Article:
“Tori, do you ever find yourself being judgmental of the church in the West, since you’ve grown up here?”
This question was posed to me by a fellow TCK—Third Culture Kid—who I was able to meet up with again over Christmas, as he was visiting his family still working in Nepal.
His question, posed directly, had a sting to it that also brought a balm of relief. The sting because it was so blunt, the balm because it was good to know someone else had similar thoughts and was brazen enough to voice them.
The short answer: yes. The long answer: still yes.
The problem with being a TCK is that you are in fact a mixture of two cultures, quite literally, and you can’t always tell where one begins and the other ends (I won’t go into detail about how this can complicate the process of “reflexivity” for the purposes of ethnographic writing). It’s just your reality (in my own opinion, TCKs are a prime community for an ethnographic case study on culture and how porous the concept really is. Takers anyone? It would make an awesome doctoral dissertation!) And you happen to think it’s everyone’s reality because all the other kids you grow up around who have American passports (in my case) have similar experiences. So when you return to the States (in my case) and discover that golden calves on pedestals, taking diversity for granted, a rice diet, being able to speak two languages, among other things, is not everyone’s reality, it’s a bit of a culture shock. (And to your American peers, you act like you just emerged from ancient Israel. Thinking back, I probably have more in common with an ancient Israelite than I thought). Its also hard not to become arrogant when things like poverty, other religions, the supernatural, etc, are all seen as rather exotic when in fact these are part of your everyday experience too. And it’s hard to not be judgmental of a church where people don’t want to take risks in their faith, when you have friends overseas who have risked (and often lost) all for that faith. Its hard not to become jaded when congregation members at “home” have a problem with people of other skin colors attending their place of worship, yet praise your family for going to a foreign country to share the Gospel.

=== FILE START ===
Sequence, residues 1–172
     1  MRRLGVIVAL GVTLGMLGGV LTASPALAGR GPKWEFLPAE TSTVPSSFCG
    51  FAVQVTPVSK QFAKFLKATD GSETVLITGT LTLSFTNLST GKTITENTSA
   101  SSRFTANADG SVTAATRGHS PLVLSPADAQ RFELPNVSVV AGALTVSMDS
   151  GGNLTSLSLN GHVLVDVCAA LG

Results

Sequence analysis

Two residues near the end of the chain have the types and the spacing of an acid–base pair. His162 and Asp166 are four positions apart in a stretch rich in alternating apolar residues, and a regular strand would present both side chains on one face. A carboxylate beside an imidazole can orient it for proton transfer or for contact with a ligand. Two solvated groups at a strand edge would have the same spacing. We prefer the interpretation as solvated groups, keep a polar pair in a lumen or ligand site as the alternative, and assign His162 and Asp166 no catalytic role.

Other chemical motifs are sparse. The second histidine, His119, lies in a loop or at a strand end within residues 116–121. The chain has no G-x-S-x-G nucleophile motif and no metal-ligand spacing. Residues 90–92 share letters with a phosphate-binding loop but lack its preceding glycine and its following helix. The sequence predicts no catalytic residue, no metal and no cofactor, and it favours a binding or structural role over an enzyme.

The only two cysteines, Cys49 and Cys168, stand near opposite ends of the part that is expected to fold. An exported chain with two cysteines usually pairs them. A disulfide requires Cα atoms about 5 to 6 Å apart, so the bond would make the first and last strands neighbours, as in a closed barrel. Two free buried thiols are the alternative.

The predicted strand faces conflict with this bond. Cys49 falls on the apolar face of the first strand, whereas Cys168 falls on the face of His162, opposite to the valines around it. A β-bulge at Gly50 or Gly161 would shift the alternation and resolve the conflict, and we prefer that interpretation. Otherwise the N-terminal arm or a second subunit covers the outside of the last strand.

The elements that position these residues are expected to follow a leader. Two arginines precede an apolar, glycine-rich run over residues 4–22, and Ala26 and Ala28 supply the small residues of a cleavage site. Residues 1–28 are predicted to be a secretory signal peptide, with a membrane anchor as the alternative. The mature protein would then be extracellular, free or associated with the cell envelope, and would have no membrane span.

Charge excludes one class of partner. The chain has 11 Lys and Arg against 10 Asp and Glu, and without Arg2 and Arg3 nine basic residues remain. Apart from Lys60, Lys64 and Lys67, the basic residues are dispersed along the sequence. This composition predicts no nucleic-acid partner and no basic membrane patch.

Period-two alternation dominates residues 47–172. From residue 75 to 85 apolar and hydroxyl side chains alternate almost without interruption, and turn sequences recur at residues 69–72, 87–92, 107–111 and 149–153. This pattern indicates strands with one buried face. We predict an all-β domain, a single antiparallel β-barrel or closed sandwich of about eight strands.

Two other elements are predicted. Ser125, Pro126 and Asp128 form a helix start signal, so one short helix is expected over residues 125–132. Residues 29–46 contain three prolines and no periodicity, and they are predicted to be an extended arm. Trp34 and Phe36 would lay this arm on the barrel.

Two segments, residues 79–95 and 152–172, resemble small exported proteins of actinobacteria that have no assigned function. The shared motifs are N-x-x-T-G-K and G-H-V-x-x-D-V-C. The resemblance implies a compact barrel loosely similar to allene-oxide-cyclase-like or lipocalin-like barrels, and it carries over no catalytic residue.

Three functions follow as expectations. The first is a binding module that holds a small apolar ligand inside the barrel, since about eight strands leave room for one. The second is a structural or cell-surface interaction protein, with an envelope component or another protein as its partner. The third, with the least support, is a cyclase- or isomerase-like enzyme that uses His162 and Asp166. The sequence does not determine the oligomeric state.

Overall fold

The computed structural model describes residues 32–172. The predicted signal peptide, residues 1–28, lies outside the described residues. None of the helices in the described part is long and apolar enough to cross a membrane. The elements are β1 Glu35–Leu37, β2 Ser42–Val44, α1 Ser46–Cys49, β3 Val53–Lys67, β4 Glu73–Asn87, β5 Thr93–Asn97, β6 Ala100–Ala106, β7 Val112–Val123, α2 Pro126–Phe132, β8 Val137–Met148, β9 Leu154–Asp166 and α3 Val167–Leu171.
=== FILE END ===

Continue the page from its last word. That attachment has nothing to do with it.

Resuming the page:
In my own experience, I’ve found there to be two choices: you either take the way of arrogance, or, you become a bridge. In the way of arrogance, its “Duh, buddy, (insert: Scripture is supposed to change the way you think/ your culture is not the only way things are done/ not everyone grows up wearing designer jeans, and they’re overpriced anyway). Have you been living under a rock all (fifteen/fourteen/thirteen) years of your life?!” This was, unfortunately, the way that I chose for much of high school.
Being a bridge is a little more involved. It takes a lot of humility, as it requires you to meet someone where they may be—be it “whatever, I don’t care what someone thinks, I’ll just share the Gospel with them” or “what woman wouldn’t wear bangles and eye liner and have long hair?”—and allow God to use your experience to expand the other person’s way of thinking. If the person doesn’t change their thought as soon as you think they should, or refuses to see a different way at all, it takes a lot of forgiveness, and in my case temper control, and faith to keep loving that person. It also means making yourself vulnerable to criticism (good and bad), or misunderstanding. Plus, it just takes a lot more energy.
It also means you have to step out there. Like, volunteer for a missions committee (scary!), and say something in response to the comment “drum kits have no place in church!” (proper response to that one: “Handel’s Messiah has no place in church!”). Being a bridge goes the opposite way too. I had a conversation with a Nepali brother right before Christmas where he commented that many people in Nepal don’t know the true meaning of Christmas, even though it is a national public holiday. For many, it’s just a day when you get together with friends and family, go on a picnic, and have a nice time off. He was shocked when I told him the same concept ruled in the States and many other Western countries.
Has God been working on my judgmental sieve? Of course. Over the years, He’s shown me time and time again how many logs I carry around in my own eyes. And Christ’s promise of rest grows ever more appealing when you work cross culturally and become heavy laden and weary from interacting with two cultures who oftentimes don’t seem to “get” each other.